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Aust N Z J Psychiatry. 2003 Aug;37(4):458-63.

Treatment of benzodiazepine dependence in methadone maintenance treatment patients: a comparison of two therapeutic modalities and the role of psychiatric comorbidity.

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  • 1Psychiatric Service, Tel Aviv Sourasky Medical Center, affiliated to the Sackler Faculty of Medicine, Tel Aviv University, Tel Aviv, Israel.

Abstract

OBJECTIVE:

Therapeutic approaches for benzodiazepine (BZD) dependence in patients in methadone maintenance treatment (MMT) have met with limited success. Clonazepam detoxification (CDTX) and clonazepam maintenance treatment (CMT) were compared in an open, clinical naturalistic study on such patients.

METHODS:

Benzodiazepine dependent patients substituted their BZD of abuse for clonazepam and were then either detoxified (CDTX) or a maintenance dose was reached and maintained (CMT). Patients were considered as failing the trial if they either abused BZDs (CDTX group) or abused BZDs over the maintenance dose (CMT group). Treatment outcome was evaluated based upon self and staff reports over 1 year after beginning treatment. Axis I and II psychiatric diagnosis was assessed and methadone dosage and history of abuse was recorded.

RESULTS:

In the CDTX group, 9/33 (27.3%), were BZD-free after 2 months. In the CMT group, 26/33 (78.8%) refrained from abusing additional BZDs over the maintenance dose after 2 months. The same success rate remained over the entire year. Survival analysis showed CMT to be more successful than the CDTX. Axis I psychiatric comorbidity was found to be positively related to treatment success in the CMT group while axis II antisocial personality disorder was found to be negatively related to treatment success in that group. It had no impact in the CDTX group.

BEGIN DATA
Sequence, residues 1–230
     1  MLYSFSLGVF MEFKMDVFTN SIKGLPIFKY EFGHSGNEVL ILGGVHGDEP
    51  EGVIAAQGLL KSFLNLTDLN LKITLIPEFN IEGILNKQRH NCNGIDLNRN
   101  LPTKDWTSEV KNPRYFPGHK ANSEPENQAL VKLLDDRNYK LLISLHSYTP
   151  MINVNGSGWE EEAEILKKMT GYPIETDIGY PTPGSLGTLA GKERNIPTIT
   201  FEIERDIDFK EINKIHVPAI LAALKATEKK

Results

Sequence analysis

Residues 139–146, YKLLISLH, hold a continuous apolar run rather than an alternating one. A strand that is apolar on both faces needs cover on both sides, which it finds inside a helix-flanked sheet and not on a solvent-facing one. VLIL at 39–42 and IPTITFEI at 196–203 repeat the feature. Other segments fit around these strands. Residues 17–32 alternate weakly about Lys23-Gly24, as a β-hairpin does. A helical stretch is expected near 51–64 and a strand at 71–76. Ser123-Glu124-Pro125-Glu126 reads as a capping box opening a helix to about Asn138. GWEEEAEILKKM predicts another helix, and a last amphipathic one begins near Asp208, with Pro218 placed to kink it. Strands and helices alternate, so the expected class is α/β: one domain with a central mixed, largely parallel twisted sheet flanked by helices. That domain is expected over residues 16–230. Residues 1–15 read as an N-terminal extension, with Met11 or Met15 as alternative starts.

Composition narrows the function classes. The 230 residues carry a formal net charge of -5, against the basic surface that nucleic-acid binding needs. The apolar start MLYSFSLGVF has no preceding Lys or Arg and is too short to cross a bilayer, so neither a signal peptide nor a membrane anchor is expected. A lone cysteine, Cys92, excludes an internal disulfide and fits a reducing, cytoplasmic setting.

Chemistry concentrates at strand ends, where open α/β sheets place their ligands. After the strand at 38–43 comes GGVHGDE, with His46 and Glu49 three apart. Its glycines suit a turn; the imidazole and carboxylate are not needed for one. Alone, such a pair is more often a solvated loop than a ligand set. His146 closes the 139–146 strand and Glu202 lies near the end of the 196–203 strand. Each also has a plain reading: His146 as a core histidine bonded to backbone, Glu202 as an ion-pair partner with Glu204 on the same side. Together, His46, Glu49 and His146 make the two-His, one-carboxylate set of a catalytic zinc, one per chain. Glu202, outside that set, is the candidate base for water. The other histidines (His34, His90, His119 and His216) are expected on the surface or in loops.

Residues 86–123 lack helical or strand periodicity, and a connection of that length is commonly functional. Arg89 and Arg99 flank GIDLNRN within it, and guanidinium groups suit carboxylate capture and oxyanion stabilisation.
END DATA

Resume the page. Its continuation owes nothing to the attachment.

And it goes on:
CONCLUSIONS:

Maintenance strategy with clonazepam is a useful BZD treatment modality for BZD-dependent MMT patients with a long-term history of abuse and previous attempts at detoxification. Psychiatric comorbidity may have an important role in choosing the adequate treatment modality and influencing treatment outcome.

PMID:
12873331
[PubMed - indexed for MEDLINE]
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